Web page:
And as always, I'm a big proponent of asking what the person needs.

Instead of just saying, "Call me if you need me," you make the call. Say something like, "You were on my mind today, and I am concerned about you. I don't know what I can do, but I know this is incredibly hard and painful, and is there anything I can offer you? Do you just need to talk? You need to cry? You need me to make dinner? Want me to take your other kids so you can just have some rest?"

Honestly, this person may not be able to think of a way you can help because thinking is not a strength when one is grieving. Do a bit of thinking for this person. Toss out some ideas. Give the person a chance to pick something instead of having to expend the energy to create an answer.

And if you aren't close enough for physical presence, ask the same questions via phone or computer. "How are you? I'm praying for you. You've been on my mind. The holidays are coming up. I am concerned about you. I know these can be hard, and some folks feel they just have to push through as happy as possible. Are you alright? Need to talk?"

Sometimes I just say, "I can understand feeling like something is missing...a friend of mine dealt with a lot of anger during the holidays the year she lost her son...I think Mother's Day would be hard..." I'm amazed at how making an effort to empathize opens doors for conversation and offering comfort.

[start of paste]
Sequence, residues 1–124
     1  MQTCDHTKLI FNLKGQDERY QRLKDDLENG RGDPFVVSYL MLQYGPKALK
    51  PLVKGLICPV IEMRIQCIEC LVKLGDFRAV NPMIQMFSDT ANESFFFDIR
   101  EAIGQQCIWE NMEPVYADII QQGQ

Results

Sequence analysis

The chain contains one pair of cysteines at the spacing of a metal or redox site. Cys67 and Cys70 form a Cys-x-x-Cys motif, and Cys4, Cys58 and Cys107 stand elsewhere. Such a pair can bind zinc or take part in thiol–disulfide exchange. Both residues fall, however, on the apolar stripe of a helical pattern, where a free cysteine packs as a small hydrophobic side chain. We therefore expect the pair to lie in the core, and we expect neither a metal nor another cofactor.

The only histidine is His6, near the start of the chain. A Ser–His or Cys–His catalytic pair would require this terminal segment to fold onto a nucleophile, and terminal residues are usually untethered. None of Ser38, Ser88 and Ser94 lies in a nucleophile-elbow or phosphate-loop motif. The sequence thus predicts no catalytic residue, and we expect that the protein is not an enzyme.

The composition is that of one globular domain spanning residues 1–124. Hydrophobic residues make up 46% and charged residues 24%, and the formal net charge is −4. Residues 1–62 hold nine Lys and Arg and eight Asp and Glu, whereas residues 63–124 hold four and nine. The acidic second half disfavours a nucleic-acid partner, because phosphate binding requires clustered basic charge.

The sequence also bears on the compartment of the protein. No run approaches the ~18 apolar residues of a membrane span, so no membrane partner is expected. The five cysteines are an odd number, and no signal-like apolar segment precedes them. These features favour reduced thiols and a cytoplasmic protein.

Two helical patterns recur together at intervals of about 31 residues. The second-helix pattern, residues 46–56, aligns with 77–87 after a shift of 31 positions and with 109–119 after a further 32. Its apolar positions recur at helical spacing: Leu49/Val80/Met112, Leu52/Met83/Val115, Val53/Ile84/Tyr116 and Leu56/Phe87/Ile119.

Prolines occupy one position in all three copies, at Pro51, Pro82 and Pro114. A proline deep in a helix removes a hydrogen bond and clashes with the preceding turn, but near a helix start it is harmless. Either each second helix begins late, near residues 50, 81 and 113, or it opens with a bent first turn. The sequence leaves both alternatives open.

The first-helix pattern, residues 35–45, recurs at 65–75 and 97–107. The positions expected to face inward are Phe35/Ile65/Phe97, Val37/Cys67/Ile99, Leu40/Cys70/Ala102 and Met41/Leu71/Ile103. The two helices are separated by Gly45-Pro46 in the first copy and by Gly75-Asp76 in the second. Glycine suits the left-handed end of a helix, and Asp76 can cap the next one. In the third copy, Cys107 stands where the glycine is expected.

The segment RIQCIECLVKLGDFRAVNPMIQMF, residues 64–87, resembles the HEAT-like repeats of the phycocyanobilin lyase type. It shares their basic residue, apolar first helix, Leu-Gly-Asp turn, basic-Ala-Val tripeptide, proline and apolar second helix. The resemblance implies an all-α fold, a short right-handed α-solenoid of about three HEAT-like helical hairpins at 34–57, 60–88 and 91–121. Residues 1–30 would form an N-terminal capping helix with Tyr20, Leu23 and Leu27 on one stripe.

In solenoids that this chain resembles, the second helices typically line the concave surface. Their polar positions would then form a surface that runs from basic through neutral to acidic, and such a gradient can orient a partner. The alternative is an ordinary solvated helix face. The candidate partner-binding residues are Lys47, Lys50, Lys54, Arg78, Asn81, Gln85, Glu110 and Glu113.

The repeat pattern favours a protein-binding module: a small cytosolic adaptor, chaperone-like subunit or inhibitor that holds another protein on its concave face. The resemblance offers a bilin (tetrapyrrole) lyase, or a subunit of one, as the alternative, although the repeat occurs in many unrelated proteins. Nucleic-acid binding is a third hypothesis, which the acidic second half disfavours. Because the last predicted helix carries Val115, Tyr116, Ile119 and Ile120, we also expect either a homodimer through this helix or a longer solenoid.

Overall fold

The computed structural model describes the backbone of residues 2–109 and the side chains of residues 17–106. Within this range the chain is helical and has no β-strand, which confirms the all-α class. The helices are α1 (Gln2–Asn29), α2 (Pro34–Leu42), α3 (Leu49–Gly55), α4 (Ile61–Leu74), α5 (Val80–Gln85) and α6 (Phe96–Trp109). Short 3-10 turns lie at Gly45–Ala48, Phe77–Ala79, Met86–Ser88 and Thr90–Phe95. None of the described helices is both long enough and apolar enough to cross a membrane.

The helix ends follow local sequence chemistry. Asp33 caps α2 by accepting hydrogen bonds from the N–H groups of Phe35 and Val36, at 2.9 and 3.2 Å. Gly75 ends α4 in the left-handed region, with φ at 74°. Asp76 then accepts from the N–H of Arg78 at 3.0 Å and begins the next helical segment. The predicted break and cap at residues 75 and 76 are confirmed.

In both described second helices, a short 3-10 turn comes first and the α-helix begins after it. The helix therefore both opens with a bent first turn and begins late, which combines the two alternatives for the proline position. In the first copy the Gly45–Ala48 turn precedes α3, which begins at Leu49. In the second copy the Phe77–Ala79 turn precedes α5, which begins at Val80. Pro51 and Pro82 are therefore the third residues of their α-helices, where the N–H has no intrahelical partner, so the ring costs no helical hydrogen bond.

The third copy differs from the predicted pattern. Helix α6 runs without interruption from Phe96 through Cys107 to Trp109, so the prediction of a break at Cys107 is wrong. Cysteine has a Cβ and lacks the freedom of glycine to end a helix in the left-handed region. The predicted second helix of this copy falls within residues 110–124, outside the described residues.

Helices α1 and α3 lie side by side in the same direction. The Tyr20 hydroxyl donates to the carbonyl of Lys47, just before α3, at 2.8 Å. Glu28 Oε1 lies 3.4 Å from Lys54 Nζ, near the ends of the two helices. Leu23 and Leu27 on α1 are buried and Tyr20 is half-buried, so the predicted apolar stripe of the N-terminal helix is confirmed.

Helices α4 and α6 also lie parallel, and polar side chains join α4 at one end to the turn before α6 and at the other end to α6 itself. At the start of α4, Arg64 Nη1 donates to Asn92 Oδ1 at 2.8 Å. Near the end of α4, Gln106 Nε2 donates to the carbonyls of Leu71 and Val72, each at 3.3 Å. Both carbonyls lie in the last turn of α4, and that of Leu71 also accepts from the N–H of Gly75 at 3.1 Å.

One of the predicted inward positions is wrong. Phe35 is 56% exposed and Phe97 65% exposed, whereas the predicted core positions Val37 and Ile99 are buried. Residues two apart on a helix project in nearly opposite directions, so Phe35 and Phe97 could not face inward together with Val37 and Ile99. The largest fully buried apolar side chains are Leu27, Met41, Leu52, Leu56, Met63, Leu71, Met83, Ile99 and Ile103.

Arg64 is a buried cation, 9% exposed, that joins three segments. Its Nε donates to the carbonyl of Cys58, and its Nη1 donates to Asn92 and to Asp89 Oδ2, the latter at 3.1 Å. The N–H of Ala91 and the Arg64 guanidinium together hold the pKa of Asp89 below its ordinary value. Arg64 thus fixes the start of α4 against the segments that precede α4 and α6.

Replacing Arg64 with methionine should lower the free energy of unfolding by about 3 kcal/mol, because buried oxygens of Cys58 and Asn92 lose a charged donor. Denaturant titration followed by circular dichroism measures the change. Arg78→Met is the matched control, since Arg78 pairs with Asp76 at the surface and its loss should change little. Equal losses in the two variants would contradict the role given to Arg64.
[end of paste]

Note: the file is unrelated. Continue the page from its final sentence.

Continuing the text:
I've also asked frankly, "How do you need me to be on this road with you? I want to be here, and I don't know how. Tell me what I need to be for you."

Speaking from experience, it is crazy amazing how powerful it is when someone tries to step into the pain instead of trying to make you get over it. It is wildly comforting when someone walks right into where you are instead of expecting you to pull it together and get to them.

I think the greatest thing anyone can do is acknoweldge the loss and the pain. A gift from God has been lost. Yes, that baby is in His hands, but a momma and daddy have empty arms. Empty arms hurt. The size of the baby doesn't matter. The loss is still heart-size.

Parents need to know someone else knows that, too.


  1. Jerri, you are a blessing to the brokenhearted. I am so thankful that you have a heart for those who are grief-stricken and that God has equipped you to be a light in the midst of the darkness.

  2. Your words are more blessing than I have words to express...deeply grateful for His kindness...

  3. Thank you Jerri.

  4. Donna,
    My prayers are with you and them.